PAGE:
Why Family-Owned Businesses Succeed

Geoff Lewis writes for Small Business Review on the advantages of family owned businesses.  The information is based on a study by Professor Jim Lee of Texas A&M-Corpus Christi.  His findings show that a family-owned business in which the family remains involved in management will outperform a public company with professional management.

Prof. Lee found that :  "Families have a longer time horizon than other investors, because they
are building wealth to pass on to succeeding generations. Family-owned
firms are more stable; they’re less likely to make radical cutbacks in
a recession. They tend to have a high level of trust and
commitment—both to employees and to customers—because how the company
behaves reflects the family’s personal integrity."   

Of course, we knew that all along. 

As the professor points out, Microsoft, Wal Mart, and even Ford Motor Company started out as family companies.  While the study was limited to companies in the S&P 500, Professor Lee is planning a further study on smaller firms, where he expects to see the same results.

Who REALLY Drives the Economy

Here are some interesting facts from the Small Business Administration Office of Advocacy:  (Small business is defined as an independent business having fewer than 500 employees.)

Small firms:

Represent 99.7% of all employer firms.

Pay more than 45% of the total U.S. private payroll.

Create more than 50% of nonfarm private gross domestic product (GDP).

Produce 13 to 14 times more patents per employee than large patenting firms.

Made up 97 percent of all identified exporters and produced 28.6% of the known export value in fiscal year 2004.

So called "small business" is really big business.

More Penny-wise Travel

Here’s part 2 of Forbes.com’s series on budget-wise travel.  This installment focuses on overnight accomodations.  Just like part 1, there is a slide show with 15 tips on curbing lodging expenses. 

Again, there are some good tips that just might save you a few dollars.

Doing What’s Right

Two stories in the news this week bring to mind the difference in how some people live their lives, and the effect ethical behavior can have on a business.  First was the death of Kenneth Lay. The man whose name has become synonymous with unethical practices passed away at a resort in Colorado awaiting sentencing on his conviction for business fraud.  He was scheduled for sentencing in October.

The other story also involves business fraud.  It concerns three employees of the Coca Cola Company who have been charged with fraud after stealing secret documents and a sample of a new beverage from Coke and trying to sell them to Pepsi.

What I hope doesn’t get lost in this story is that the three were caught when they attempted to sell the secrets to Pepsi and the company reported them to the authorities.

I can’t imagine a business that’s much more competitive than the soft drink industry.  Coke and PepsiPepsi_cola_canjpg_3
have been battling it out for the top spot for years.  Any competitive edge is potentially worth
millions of dollars.  But, when they were approached by the three thieves, Pepsi said "No, thank you." 

Pepsi spokesman Dave DeCecco
said,  "Competition
can sometimes be fierce, but also must be fair and legal.  We’re pleased the authorities and the FBI have identified the
people responsible for this."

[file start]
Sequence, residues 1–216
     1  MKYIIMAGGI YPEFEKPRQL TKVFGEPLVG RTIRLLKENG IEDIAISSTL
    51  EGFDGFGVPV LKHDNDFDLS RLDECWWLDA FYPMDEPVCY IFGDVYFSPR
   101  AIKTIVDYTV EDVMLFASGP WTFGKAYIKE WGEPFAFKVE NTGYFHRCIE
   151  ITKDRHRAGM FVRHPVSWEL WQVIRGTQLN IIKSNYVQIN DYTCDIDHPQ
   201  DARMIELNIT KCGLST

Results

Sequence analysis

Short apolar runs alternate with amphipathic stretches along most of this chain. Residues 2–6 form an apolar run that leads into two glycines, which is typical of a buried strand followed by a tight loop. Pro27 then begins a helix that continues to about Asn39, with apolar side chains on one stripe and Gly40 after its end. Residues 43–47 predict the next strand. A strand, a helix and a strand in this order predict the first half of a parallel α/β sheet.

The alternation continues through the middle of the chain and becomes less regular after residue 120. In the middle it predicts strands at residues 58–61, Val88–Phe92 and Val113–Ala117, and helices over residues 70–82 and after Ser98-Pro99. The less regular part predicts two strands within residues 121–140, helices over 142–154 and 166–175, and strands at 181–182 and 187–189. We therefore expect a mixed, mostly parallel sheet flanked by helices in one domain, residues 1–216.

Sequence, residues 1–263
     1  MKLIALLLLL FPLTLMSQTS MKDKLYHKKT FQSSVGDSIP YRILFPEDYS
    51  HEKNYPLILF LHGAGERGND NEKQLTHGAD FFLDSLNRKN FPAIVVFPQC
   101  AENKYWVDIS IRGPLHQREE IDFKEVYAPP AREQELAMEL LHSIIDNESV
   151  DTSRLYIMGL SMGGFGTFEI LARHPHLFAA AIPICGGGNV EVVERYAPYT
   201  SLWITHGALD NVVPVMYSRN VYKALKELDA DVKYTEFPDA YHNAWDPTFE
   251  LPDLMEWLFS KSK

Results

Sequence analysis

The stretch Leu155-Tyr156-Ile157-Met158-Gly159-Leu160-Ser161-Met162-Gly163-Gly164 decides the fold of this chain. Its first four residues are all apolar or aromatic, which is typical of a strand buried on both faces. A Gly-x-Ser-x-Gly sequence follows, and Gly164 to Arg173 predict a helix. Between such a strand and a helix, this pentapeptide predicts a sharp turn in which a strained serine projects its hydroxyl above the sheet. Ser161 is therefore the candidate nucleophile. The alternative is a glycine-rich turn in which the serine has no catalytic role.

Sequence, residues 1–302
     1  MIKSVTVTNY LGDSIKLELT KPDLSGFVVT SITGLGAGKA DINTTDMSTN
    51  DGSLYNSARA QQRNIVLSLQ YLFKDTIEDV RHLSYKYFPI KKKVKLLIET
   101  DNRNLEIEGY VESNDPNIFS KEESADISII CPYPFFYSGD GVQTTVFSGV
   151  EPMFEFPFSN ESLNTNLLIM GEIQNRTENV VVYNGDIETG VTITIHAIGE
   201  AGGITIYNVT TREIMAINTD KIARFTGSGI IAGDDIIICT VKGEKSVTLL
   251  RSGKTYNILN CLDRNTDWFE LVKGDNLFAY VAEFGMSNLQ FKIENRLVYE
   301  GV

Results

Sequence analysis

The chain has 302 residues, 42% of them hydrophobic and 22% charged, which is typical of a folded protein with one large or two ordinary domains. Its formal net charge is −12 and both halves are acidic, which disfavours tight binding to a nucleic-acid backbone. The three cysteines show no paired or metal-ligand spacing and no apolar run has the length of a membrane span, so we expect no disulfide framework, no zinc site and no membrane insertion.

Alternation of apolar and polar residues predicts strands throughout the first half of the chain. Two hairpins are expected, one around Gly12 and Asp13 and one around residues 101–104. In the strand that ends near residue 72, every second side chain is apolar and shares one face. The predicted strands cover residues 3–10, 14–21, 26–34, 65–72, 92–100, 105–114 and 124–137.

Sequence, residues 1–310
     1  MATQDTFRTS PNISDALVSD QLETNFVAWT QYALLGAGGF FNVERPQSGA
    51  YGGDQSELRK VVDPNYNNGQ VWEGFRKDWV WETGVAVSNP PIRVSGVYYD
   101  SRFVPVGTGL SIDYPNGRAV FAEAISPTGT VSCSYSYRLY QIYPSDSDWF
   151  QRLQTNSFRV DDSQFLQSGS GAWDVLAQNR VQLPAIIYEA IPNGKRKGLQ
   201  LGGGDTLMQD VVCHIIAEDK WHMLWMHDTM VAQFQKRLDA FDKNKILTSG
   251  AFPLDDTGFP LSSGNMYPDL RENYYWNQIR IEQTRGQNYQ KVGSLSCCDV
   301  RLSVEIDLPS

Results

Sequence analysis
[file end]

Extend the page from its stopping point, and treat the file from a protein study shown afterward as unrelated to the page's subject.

Enron’s unethical, illegal business practices eventually led to it’s downfall and serious financial
hardship for thousands of stockholders.  As a result, every business is under more scrutiny today than ever before.  But, ethics are something you either have, or you don’t and there will always be people who are tempted by the almighty dollar.  Bravo for PepsiCo management for doing the right thing.

I think I’ll go have a Pepsi.

Penny-wise travel

From Forbes.com comes the first of a four-part series on saving money when you travel.  The article includes a slide show, "Fifteen Ways to Travel on the Cheap."

It’s interesting reading and could save you some serious money.

Say Goodbye to the “Mass Market”

Not a day goes by that I’m not reminded that we live in an amazing age. We have instantaneous access to all the information we can possibly use, right on our desk tops.  Even more amazing, we can get that same information on our pocket computers and even on our cell phones.  24 hour news, sports, and weather are as near as our belt or purse.

Where our grandparents, or even our parents, were amazed to see movies “talk”, or to see 8” black and white moving pictures sent through the air, our kids watch television in the back seat of the car and take it for granted.   We have big screen televisions that fill up an entire wall. 

But, the biggest change in television isn’t the device.  It’s the way we use the medium itself.  In the ‘50s, it was simple.  If it’s Tuesday night, it’s “Uncle Miltie” time.  Later on, most of us had three choices, ABC, CBS, or NBC.  If you lived in a large enough market, there might have been one or two independent stations showing old movies and reruns.

Then came cable.  First, cable was a means for people living outside of major markets to get a clear picture.  Then, slowly, other channels were added and cable began to appear in the big cities.  CNN came along and meant that we didn’t have to wait until 6:00 p.m. to see the news.  We could actually watch breaking events as they happened.

When clouds appeared on the horizon, we could tune to The Weather Channel to find out what was happening.  “Local on the 8’s”  meant we could actually scan the local radar every ten minutes.

Fast forward to 2006.  The big three networks are scrambling.  Advertising revenues are down.  We have hundreds of choices on cable and satellite.  Not going to be home on Thursday evening?  TIVO “CSI” and watch it at your leisure with the added advantage of being able to fast forward through the commercials.  Or, download it to your i-Pod and watch it while you walk the dog.   Broadcast TV’s historical business model is toast.

Worse than cable, at least as far as the networks are concerned, is the Internet.  Now, we don’t even have to wait ten minutes for our local weather.  Just pull up the latest doplar radar images from http://www.noaa.gov.  Want news?  Your computer doesn’t just deliver the news, it can filter it.  You can tell it in advance what you’re interested in and just those headlines will be delivered right to your screen.

You control the direction and the speed of the “information superhighway.”  Broadcasting is out.  Narrowcasting is in.  The days of some network executive sitting on the top floor of a skyscraper in New York deciding what information and entertainment you’re going to get, and when you’re going to get it are over.  As media consumers, we decide.

So, what’s all this have to do with our business?  Simple.  Our customers have choices.  When there was one major TV network, the choices of where to shop and what to shop for were much more limited too.  Fewer stores carried fewer brands.  The price of an item was pretty much a local affair.  If only one store in town carried a particular brand, that store set the price.